Water Street was made on land released mid to late 17th century when the glacis around this part of the Castle was removed (some vestige of that is possibly to be seen in the curved boundary to the property to the west of Bank Street). The old walls mentioned in the deeds (and Lib Assed) were presumably part of the outer defence system of the Castle.
The Quay dates from the turn of the 19th century, prior to this the Castle walls gave onto the river bank or harbour which was tidal. Bank Street was created later, c.1820's, when the stone bridge over the river was constructed.
The Redoubt was in the mid 18th Century known as the 'Pigeon House' when James Dinwoody bought a few plots of land, however his purchase appears to have been officially mislaid as a later deeds was needed to clarify matters - this deed noted in South Side Sales, # Malew 1800, from Rev Evan Christian (Vicar of Patrick 1869-1808 and Vicar General) to James Dinwoody starts:
Whereas Robert Eyre of the city of London Esquire late deceased and Susannah Eyre alt Sedden his wife did sometime in the year One Thousand seven hundred and seventy eight for and in consideration of the sum of five pounds currency of the Isle of Man paid by James Dinwoody of Castletown grant bargain alienate and sell ... that plot of waste ground near the Pidgeon House with the old walls then standing thereas of the annual rent of two pence half penny situate in the said town adjoining to the Pidgeon House on the south, to the rent of Mrs Place on the North, on the back part to the garden of Mr Taubman and fronting to the river on the North East . And whereas the said deed of sale was sometime after the execution of the same given to Wm Callow esquire the then High Bailiff of the said town late deceased in order to have the same attested which was accordingly done and John Taubman and John Quayle esquires the witnesses ... William Callow did sometime previous to his decease mislay or lose the said deed .... and whereas the said Robert Eyre and Susannah his wife did sometime ago sell all ... unto the Rev Evan Christian ... and from a principal of justice is minded to affirm and confirm ... the said premises as sold ... 29th June 1799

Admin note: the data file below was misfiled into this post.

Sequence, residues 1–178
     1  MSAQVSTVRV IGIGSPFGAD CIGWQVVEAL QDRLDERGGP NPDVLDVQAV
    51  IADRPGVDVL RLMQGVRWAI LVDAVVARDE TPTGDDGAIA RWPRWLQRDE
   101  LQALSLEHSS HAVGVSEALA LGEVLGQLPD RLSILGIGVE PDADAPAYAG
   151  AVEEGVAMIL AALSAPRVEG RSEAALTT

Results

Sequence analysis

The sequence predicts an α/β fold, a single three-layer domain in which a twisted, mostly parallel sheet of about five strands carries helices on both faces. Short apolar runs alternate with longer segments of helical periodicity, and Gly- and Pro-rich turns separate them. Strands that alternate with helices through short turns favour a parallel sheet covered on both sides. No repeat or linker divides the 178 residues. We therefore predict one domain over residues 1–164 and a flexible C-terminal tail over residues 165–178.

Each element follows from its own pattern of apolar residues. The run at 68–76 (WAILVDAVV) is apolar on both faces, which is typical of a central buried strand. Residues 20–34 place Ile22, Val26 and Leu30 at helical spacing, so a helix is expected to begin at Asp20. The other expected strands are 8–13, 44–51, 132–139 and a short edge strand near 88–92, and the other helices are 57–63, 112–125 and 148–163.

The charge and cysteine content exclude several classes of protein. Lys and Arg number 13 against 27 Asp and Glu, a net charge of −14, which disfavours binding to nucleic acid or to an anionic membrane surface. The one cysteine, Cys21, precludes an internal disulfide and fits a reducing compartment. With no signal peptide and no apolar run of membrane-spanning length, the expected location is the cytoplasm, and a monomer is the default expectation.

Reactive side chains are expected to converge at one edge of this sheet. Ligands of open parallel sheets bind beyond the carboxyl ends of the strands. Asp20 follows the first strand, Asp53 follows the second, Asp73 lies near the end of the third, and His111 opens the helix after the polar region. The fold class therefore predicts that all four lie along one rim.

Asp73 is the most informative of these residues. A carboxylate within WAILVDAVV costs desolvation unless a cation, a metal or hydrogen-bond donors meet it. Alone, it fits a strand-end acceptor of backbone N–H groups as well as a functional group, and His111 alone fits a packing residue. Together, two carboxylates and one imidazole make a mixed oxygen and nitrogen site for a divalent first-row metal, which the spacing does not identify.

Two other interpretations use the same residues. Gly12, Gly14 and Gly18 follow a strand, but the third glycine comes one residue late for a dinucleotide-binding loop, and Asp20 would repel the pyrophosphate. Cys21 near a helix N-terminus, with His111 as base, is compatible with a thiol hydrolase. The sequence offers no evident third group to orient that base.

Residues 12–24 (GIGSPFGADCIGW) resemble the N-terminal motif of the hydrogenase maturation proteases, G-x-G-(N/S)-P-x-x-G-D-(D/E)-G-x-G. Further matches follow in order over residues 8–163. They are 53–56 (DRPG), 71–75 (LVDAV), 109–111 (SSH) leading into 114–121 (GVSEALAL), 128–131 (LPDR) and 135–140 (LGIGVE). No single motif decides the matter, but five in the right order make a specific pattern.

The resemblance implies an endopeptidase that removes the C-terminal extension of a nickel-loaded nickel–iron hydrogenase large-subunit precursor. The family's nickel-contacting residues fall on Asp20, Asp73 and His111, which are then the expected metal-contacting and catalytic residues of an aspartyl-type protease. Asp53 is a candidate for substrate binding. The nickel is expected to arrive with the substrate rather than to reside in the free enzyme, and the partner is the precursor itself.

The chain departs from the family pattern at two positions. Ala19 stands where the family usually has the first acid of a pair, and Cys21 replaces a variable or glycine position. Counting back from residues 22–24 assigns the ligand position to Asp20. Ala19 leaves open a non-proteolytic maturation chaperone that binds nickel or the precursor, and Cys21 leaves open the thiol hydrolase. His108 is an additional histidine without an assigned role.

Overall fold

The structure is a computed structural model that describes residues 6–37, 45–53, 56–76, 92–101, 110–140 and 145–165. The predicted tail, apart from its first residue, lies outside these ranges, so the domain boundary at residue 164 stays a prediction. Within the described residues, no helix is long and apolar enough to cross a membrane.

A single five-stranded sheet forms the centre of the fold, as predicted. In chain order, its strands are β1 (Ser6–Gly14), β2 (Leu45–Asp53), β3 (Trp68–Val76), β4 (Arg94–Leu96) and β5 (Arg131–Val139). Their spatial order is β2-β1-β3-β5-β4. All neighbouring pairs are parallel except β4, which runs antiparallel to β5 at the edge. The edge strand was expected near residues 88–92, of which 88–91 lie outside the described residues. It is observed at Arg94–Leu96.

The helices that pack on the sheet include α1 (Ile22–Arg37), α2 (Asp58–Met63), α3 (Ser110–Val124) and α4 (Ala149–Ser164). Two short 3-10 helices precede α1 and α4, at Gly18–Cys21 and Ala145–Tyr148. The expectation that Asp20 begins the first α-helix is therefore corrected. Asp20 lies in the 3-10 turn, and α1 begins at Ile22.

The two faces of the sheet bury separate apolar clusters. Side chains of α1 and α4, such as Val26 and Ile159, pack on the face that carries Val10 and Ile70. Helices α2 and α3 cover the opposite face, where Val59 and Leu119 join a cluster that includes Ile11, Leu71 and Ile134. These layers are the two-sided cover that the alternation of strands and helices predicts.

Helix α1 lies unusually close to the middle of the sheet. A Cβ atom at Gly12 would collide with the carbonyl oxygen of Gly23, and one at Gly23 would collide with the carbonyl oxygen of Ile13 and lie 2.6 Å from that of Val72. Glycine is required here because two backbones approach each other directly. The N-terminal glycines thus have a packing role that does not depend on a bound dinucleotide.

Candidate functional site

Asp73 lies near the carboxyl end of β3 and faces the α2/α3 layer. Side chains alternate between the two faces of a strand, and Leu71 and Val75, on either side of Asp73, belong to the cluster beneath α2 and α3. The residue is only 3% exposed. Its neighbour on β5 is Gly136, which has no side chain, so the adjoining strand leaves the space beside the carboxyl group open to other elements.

The entry from the 1760 Liber Assed (Manorial Roll), under Church Street gives the then owners - part of a larger plot of rent 20d:
|66||Geo: Stole 2½d (o1783) (inserted 1/10 of 1d Robt Gill m1784)||for a dwelling house and garden on the east side of the street joining the towers 4d||
|Jane Stole (o1783) ½d|
|William Clague 1d|
|Henry lezSquire (? name difficult to read) & Eliz his wife & her children||for half the Boggcroft 10d|
|John Slater (o1764)||for an outhouse on the west side 6d|
The two towers are probably two redoubts of the Castle - the other being later demolished to form the site of the Custom house (later Market house and now Bank) at the junction of the Parade and Church street. - quite what is meant by 'street joining them' is unclear but it most likely to have been what is now commonly referred to as the 'moat'. Note the term Bogg croft - as Armitage Rigby well describes the current state of Castle Rushen apparently towering over a town is deceptive as originally it was built on a large boulder raising from boggy ground. John Slater's outhouse probably was attached to the walls of the castle.